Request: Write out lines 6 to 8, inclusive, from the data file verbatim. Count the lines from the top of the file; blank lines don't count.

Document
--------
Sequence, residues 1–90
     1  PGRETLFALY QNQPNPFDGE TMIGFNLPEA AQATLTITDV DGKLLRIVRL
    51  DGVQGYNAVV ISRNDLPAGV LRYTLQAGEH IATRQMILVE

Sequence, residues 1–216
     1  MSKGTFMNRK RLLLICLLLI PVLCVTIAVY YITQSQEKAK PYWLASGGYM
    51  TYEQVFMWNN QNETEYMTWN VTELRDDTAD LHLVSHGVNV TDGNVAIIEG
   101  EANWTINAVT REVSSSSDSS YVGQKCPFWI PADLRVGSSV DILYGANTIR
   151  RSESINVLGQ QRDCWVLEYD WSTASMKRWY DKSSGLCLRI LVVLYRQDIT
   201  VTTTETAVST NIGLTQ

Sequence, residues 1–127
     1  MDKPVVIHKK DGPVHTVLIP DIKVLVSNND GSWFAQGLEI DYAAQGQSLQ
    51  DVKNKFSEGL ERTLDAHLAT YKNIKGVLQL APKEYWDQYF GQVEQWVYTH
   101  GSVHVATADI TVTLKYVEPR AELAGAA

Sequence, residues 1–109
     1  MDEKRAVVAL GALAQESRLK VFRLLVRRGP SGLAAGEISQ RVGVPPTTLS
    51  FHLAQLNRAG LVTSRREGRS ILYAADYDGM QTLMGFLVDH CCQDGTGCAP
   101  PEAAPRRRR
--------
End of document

    51  TYEQVFMWNN QNETEYMTWN VTELRDDTAD LHLVSHGVNV TDGNVAIIEG
   101  EANWTINAVT REVSSSSDSS YVGQKCPFWI PADLRVGSSV DILYGANTIR
   151  RSESINVLGQ QRDCWVLEYD WSTASMKRWY DKSSGLCLRI LVVLYRQDIT